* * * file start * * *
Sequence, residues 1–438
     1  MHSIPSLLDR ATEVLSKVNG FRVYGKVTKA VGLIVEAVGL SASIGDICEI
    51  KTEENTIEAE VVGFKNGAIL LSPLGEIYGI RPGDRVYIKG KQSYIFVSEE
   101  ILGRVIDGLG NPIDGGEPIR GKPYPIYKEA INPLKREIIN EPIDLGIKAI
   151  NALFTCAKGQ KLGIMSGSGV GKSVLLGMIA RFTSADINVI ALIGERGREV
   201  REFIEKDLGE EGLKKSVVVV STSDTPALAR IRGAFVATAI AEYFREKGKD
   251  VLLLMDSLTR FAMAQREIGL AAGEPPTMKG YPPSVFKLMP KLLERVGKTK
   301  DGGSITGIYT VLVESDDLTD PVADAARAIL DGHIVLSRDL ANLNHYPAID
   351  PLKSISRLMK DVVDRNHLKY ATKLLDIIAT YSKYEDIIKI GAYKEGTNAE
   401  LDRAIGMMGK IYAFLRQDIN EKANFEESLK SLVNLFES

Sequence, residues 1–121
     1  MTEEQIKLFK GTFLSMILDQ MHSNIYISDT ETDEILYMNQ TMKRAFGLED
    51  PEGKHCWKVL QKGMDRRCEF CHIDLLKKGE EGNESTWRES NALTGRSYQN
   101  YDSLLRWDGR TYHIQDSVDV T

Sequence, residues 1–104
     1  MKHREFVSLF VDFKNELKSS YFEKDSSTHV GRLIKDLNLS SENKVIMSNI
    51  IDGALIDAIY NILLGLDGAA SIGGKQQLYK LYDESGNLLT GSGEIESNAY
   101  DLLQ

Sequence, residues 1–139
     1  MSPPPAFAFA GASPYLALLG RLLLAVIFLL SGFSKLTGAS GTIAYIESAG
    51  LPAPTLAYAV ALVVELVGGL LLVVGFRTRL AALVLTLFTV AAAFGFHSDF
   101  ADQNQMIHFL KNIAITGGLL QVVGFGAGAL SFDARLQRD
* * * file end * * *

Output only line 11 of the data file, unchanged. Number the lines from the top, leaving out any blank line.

Sequence, residues 1–121